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Chef Travel Diary: Forsythia NYC Team in Rome and Modena

Chef/owner Jacob Siwak of popular Lower East Side trattoria Forsythia explains why he runs annual staff trips to Italy and recounts the team’s recent excursion to Rome and Emilia-Romagna.

Massimo Bottura posing with guests

Massimo Bottura with Jacob Siwak (second from right) and members of the Forsythia team.

Described as a “Roman trattoria planted in New York City,” Forsythia is a charming restaurant on Stanton St. that embraces Italian simplicity and conviviality. Elegant yet unfussy, chef/owner Jacob Siwak’s three-year-old restaurant features exquisite pastas, a thoughtful selection of wines, and attentive and knowledgeable service.

It could also be described as a new school Italian restaurant with an old soul. Turns out that’s no accident. Siwak, who grew up in St. Louis, then attended culinary school in New York City and worked in kitchens in Brooklyn and in Rome, somewhat quietly has created a Manhattan restaurant with the type of community vibe that you find in a neighborhood fixture trattoria in the Eternal City. Forsythia offers its à la carte menu, tasting menus, and even weekly pasta classes to its growing clientele, and Siwak and his staff continue to look to Rome for inspiration. (The restaurant even will make any of the famed four pastas of Rome upon request.)

In early January 2024, Siwak and 10 Forsythia employees—a mix of front-of-house and back-of-house—traveled to Italy, and cataloged the trip for Appetito. Read on for his explanation of why he organized the trip, and the travelog from Siwak and his team as they visited not only Roman trattorias but farms and wineries in the Emilia-Romagna countryside, as well as a stop at Massimo Bottura and Lara Gilmore’s new farmhouse near Modena. (Forsythia general manager and wine director Charlotte Mirzoeff also contributes.)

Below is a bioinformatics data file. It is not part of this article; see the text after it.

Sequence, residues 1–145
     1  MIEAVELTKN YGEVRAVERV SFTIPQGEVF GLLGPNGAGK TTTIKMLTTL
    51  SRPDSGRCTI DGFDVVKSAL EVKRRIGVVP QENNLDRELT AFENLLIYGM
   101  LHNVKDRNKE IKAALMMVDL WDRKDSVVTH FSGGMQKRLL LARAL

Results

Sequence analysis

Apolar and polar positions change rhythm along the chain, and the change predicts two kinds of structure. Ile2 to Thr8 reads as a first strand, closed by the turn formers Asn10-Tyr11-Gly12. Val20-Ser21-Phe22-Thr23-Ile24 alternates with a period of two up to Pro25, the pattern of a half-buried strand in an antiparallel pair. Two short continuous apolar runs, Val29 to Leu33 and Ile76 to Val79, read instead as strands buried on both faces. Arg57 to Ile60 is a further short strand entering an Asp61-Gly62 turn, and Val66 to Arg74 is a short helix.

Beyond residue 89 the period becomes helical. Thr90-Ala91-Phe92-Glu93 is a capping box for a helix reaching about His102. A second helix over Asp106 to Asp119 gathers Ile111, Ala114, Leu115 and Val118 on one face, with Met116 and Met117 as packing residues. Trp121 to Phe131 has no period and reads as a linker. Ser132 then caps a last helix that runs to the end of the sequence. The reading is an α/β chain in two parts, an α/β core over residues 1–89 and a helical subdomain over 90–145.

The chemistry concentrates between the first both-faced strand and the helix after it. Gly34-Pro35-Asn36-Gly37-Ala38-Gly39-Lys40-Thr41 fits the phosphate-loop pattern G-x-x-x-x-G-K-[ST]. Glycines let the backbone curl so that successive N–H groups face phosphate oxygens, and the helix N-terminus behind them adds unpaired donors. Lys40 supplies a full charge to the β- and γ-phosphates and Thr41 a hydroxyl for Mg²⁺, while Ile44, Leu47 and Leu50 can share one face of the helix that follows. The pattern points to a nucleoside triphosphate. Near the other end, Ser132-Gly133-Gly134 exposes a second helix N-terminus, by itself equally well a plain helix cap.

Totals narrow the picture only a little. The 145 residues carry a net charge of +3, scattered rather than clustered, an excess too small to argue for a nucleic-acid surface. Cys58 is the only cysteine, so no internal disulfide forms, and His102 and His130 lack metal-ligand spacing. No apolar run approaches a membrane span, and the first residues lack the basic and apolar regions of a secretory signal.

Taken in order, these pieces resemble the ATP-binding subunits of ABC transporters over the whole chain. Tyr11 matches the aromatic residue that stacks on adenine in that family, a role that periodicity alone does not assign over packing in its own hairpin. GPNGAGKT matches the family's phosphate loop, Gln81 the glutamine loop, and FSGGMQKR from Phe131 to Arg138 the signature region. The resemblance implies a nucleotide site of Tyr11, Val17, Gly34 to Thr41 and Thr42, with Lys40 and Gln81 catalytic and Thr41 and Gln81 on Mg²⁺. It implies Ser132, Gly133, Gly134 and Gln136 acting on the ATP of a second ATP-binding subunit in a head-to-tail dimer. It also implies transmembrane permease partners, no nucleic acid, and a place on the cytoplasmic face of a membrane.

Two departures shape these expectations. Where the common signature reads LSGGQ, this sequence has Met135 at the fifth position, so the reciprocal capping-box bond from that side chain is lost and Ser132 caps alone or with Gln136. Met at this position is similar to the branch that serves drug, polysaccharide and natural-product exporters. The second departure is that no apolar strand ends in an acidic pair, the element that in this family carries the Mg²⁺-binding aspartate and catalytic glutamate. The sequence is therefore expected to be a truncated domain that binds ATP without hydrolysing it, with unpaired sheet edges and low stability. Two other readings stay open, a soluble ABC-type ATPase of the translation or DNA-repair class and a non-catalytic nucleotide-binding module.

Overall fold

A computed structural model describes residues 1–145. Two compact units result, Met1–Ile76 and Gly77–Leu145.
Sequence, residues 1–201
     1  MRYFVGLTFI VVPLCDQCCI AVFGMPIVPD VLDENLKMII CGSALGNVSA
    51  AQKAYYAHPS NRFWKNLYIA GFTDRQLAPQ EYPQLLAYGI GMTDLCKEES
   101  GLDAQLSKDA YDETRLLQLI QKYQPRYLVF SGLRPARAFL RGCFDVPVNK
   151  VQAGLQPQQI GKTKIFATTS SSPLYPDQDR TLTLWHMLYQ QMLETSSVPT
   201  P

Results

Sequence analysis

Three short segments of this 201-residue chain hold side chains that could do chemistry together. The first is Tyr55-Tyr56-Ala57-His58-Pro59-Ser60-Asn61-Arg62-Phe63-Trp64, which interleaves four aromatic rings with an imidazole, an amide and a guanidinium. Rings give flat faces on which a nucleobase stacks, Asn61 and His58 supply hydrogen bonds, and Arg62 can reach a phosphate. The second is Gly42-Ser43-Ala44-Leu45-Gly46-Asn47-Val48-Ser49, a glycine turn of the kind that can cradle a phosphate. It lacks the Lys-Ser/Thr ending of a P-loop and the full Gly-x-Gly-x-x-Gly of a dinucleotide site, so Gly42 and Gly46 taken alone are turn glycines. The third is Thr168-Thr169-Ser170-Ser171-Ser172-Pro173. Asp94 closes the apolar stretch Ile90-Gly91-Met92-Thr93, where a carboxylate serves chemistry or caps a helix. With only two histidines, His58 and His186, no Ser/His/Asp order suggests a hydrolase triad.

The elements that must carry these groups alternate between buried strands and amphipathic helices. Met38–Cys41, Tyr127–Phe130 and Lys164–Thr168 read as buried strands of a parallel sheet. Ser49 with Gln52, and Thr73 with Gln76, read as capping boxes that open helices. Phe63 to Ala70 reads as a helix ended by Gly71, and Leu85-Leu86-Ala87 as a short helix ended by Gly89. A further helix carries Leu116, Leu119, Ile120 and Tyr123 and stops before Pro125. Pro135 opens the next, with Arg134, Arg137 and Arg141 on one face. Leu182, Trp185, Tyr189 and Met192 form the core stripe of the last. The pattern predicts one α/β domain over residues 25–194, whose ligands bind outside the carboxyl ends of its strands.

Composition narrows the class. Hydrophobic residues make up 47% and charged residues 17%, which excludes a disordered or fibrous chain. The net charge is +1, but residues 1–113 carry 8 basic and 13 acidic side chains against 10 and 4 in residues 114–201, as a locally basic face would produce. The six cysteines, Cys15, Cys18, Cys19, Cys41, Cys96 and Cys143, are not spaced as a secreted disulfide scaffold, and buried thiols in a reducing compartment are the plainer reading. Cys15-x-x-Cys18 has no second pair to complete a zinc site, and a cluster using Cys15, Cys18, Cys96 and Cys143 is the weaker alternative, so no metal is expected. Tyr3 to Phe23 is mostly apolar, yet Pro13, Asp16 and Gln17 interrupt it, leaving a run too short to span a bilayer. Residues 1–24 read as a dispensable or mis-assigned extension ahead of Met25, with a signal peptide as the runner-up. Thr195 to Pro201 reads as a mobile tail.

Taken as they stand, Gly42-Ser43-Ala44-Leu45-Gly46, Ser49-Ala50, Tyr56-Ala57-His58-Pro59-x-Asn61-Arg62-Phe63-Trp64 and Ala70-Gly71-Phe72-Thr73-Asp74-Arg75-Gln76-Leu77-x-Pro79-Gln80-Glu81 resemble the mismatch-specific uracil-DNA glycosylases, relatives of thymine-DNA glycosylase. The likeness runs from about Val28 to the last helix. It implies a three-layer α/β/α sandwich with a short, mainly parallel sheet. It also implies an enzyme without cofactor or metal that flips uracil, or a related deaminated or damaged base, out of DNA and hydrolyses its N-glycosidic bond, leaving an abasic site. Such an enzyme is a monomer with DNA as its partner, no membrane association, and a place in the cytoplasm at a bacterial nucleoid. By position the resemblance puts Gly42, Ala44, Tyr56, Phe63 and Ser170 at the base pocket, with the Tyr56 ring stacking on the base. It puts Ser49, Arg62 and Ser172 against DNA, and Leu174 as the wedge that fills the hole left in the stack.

Please explain the reason behind this and other staff trips.

It's twofold. First, it's largely to learn. That can apply to a few different things — food, wine, and culture — but at the end of the day it all comes back to the same thing, which is just learning new things. Second, it's a great opportunity to bond as a team. Most corporate workplaces have regularly scheduled programming after the workday is over: happy hours, team-building events. However, that's something that is difficult to schedule in hospitality. So the Italy trip, farm trips, those sort of days are great for us to grow closer with each other outside of work. 

Group photo
The Forsythia team during its Italian adventure in early 2024.

How do you decide where to go and who organizes the trips?

I plan the whole trip! (It's a lot of work.) I try to show a real mix of things, with the common thread being some sort of true expression of that region's food. I try to schedule days that we visit extremely traditional restaurants at lunch and then more modern or refined restaurants at dinner (or vise-versa) to show how one dish can be made traditionally and then also reinterpreted. We usually splurge for one fine dining meal, and try to visit some of the famous trattorias of the Italian countryside.